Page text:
The Help Movie Review

The Help: Assisted by Affecting Performances

There are a lot of things that could have gone wrong with a movie like The Help. It could have gone overboard with the message of sisterhood and empowerment (like I feared when I first watched the trailer). It also could have put too much emphasis on the '60s setting while ignoring the darker themes of Kathryn Stockett's best-selling novel, but thanks to a script that stays loyal to the source material and moving performances, The Help is an insightful and inspiring look at society in 1960s Mississippi.


The film tackles two very different aspects of the community of Jackson: the lives of wealthy young Southern women, and that of their devoted maids. Hilly Holbrook (Bryce Dallas Howard) represents the worst kind of Southern belle: snotty, entitled, and prejudiced, she believes that the African-American women who have raised her and helped run her households should be thankful and kept at bay — and in their own bathrooms, where white people won't be in danger of catching their "diseases." Her best friend Skeeter (Emma Stone) doesn't agree with Hilly's crusade against the help, especially since she holds her own former maid near and dear to her heart.

When Skeeter defies a life of bridge playing and gossiping in favor of pursuing a career in journalism, the rift between her and Hilly begins to tear. As Hilly continues to push forward her "bill" to force all maids to have separate bathrooms, Skeeter is inspired to write her first book from the perspective of the very maids that Hilly turns her nose up at. Skeeter enlists the help of Aibileen (Viola Davis), a kind and gentlewoman who works for a friend, and Minny (Octavia Spencer), a sassy, no-nonsense maid whom Hilly fires in the first act.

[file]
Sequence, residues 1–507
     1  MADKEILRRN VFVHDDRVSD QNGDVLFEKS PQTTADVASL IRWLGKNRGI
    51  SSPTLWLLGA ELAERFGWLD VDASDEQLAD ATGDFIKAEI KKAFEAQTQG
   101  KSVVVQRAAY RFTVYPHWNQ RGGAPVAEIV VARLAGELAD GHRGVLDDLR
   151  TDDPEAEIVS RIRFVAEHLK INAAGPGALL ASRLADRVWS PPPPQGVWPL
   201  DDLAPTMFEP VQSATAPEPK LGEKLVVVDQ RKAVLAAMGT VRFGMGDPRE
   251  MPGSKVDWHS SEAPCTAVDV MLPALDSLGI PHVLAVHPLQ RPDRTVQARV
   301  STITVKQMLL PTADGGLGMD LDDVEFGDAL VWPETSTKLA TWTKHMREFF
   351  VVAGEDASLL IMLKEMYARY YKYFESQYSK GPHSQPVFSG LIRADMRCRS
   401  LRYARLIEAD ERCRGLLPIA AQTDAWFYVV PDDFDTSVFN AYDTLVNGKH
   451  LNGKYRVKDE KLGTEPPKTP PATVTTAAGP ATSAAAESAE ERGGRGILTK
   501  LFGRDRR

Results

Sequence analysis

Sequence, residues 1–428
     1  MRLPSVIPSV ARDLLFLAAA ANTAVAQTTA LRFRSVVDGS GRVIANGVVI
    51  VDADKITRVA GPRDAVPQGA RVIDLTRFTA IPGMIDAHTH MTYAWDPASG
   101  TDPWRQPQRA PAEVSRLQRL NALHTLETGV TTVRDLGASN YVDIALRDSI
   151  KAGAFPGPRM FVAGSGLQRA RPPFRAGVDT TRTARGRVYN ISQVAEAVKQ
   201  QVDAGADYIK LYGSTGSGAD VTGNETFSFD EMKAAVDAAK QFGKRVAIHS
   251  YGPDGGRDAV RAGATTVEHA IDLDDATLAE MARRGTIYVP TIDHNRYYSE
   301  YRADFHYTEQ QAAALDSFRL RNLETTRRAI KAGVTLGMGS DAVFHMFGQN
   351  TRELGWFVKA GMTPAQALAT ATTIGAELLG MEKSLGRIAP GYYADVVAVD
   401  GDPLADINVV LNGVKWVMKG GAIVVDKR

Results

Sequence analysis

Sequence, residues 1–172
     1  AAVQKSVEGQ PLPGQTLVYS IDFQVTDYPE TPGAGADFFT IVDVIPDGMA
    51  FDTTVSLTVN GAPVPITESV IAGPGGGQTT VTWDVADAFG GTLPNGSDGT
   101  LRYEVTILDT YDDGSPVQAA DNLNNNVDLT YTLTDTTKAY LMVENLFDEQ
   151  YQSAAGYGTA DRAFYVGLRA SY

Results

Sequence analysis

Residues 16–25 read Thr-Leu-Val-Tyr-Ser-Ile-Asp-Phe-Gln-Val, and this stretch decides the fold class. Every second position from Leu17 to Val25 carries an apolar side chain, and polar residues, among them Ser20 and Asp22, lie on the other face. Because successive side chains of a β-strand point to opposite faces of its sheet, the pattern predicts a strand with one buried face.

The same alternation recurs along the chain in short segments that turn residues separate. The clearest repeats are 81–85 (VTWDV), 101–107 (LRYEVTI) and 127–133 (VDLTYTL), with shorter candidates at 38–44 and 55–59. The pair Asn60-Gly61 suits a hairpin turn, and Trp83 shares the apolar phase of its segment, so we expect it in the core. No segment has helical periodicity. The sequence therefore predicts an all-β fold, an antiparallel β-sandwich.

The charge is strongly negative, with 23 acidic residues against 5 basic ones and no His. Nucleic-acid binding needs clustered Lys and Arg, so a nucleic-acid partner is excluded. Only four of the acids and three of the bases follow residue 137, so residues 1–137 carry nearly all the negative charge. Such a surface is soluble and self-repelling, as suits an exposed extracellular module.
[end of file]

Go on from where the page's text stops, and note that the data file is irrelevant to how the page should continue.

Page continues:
To see why The Help works so well as a film, just read more.

What really makes The Help a compelling film are the top-notch performances from its cast. Emma Stone proves that she can handle a drama, but she's far outshined by the league of women supporting her. Davis and Spencer are perfect as Aibileen and Minny; Davis gives the kind of performance that breaks your heart and inspires you at the same time, while Spencer complements Minny's essential sass with just enough vulnerability to make her funny and authentic.

The woman who play Skeeter's peers are also excellent here. Howard delivers a deliciously sinister performance that makes Hilly's downfall all the more entertaining. Jessica Chastain (who is having a breakout Summer thanks to this film and The Tree of Life) also delivers as Celia Foote, a woman who's desperate to be part of the Jackson community but has been unfairly exiled by Hilly. In the wrong hands, these women could have been depicted as simple stereotypes, but each actress brings the depth and layers necessary to make the film feel realistic.

Director Tate Taylor takes plenty of time to let his story unfold, as each woman's life is examined separately and as a whole, and the film is well-served by its run time (though it does drag a bit in the end). It's easy to connect to these women — even Hilly — which is why the film is an effective new look at issues we're accustomed with. The Help is not just a portrayal of racism and segregation so much as a tale about the relationships between women who were all living together in Jackson in the 1960s. Not all of them were cordial, but not all of them were abusive either; one of the most crucial elements is that friendships did exist between the help and their employers. Ultimately, The Help is like a little bit of a food for your soul — though it may not go down easy, it's rich and fulfilling.


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